Either way, the likeliest result of endorsing Zhukovsky is not his victory, but Rusetskaya slipping through into first place ahead of Yuneman.
Perhaps this is just the result of Navalny/Volkov’s personal issues with Yuneman in particular? But then there is also the case of Nadezhda Shalimova (right), the second oppositionist nationalist running against the Mayoralty candidate Ilya Sviridov and the KPRF’s Elena Shuvalova in the central Okrug №.44. Born in Kuibyshev (now Samara), she harbored dreams of becoming a cosmonaut as a young girl, which dissipated upon the collapse of the Soviet Union. Observing the subsequent sale of the country, she decided to eventually become a politician. She is a critic of United Russia and has regularly shared articles from the censored Sputnik & Pogrom oppositionist nationalist journal on her social media sites.
Now I am not aware of any polls from that district, so perhaps there is a case to be made for favoring Shuvalova over Shalimova – if pursuing the failure of UR-backed candidates was to be the only goal. Though the paucity of polls also puts into question the guidelines issued by Smart Vote, since the FBK’s methodology on exactly how they determined the challengers with the best prospects to beat United Russia is completely opaque.
Furthermore, it is also questionable how ethical and consistent it is for ostensible champions of democratic values to champion Shuvalova, a Bolshevik not just in word but in deed, who had attempted to have Shalimova deregistered from the elections on the basis of her husband Konstantin Krylov having been included into the Russian state’s registry of “terrorists and extremists” in 2013 (for his comment that “it it time to do away with this strange economic system” pertaining to federal subsidies to the Caucasus). Considering the liberal opposition’s own problems with getting registered, endorsing a candidate who supports weaponizing the bureaucracy to prevent the registration of political opponents on the basis of guilt by association is something to behold.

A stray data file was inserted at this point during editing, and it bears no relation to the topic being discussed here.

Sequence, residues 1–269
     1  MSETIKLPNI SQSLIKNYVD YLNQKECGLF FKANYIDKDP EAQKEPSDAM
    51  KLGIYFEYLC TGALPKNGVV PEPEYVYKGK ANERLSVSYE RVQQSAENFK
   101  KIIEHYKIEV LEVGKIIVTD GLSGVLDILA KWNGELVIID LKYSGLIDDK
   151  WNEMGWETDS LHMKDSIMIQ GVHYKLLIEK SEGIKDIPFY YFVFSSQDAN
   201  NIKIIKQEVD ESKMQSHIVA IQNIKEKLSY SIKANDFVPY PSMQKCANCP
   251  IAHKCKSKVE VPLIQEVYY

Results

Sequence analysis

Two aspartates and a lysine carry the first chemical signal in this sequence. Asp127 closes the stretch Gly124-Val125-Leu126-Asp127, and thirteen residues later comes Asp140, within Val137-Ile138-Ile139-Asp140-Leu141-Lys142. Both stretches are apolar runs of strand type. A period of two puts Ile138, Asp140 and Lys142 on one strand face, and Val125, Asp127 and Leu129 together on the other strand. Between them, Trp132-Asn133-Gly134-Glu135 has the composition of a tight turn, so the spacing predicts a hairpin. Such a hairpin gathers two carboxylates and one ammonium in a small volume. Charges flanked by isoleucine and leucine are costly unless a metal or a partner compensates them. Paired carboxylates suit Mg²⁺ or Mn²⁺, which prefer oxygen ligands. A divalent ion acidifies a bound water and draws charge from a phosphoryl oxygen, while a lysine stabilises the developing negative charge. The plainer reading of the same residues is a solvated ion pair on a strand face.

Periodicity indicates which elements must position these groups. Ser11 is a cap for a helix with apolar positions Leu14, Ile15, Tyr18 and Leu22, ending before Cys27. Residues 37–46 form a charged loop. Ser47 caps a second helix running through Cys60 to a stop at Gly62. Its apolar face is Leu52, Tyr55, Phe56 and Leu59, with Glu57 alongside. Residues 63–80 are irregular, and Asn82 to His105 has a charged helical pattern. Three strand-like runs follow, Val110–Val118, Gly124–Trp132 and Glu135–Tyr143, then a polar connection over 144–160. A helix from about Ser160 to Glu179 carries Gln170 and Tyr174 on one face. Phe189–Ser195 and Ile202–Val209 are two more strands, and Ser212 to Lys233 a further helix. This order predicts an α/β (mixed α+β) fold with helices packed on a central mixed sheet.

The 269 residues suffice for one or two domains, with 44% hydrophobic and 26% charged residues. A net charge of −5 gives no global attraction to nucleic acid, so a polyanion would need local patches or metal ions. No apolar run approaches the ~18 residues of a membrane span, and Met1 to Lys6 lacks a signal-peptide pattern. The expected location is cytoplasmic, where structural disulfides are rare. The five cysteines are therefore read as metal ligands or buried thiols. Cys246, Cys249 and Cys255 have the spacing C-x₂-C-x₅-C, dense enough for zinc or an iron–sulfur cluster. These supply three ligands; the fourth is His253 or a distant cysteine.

Unless, of course, they essentially agree with Shuvalova. And they presumably do, because the “Smart Vote” presents Shalimova as a… wait for it… technical candidate from the Mayoralty.
That’s right. The Navalnyites are outright smearing the second of the only two oppositionist nationalist candidates in Moscow as a United Russia stooge.
So what we actually have is Navalny systemically supporting Communist candidates not just against United Russia, but the only two oppositionist nationalists standing in the Moscow elections – one of whom is decisively beating both his United Russia and KPRF rival according to opinion polls, the other whom they claim is an outright stooge of United Russia (as opposed to just hinting at it in the case of Yuneman). This reinforces a point that I have long made – far from being any sort of aspiring Hitler (as believed by leftist Western Russophiles and low information sovoks), Navalny is a populist demagogue who is only interested in power for its own sake. That is, he is another Yeltsin, who transmogrified from the Soviet apparatchik who demolished the Ipatiev House where the Romanovs were murdered as head of the Sverdlovsk Obkom in the 1970s, to a democratist champion challenging Party privileges in the late 1980s and proceeded to run the country into the ground on coming to power.
Likewise, Navalny will adopt any ideological guise – be it nationalism, liberalism, anti-corruptionism, or now leftist progressivism – so long as it advances the holy struggle against the “regime.” What happens next is of little importance, because even if their dalliances with the Reds ends up going south, the Navalnys will always have their boltholes in the West just like their predecessors in 1917.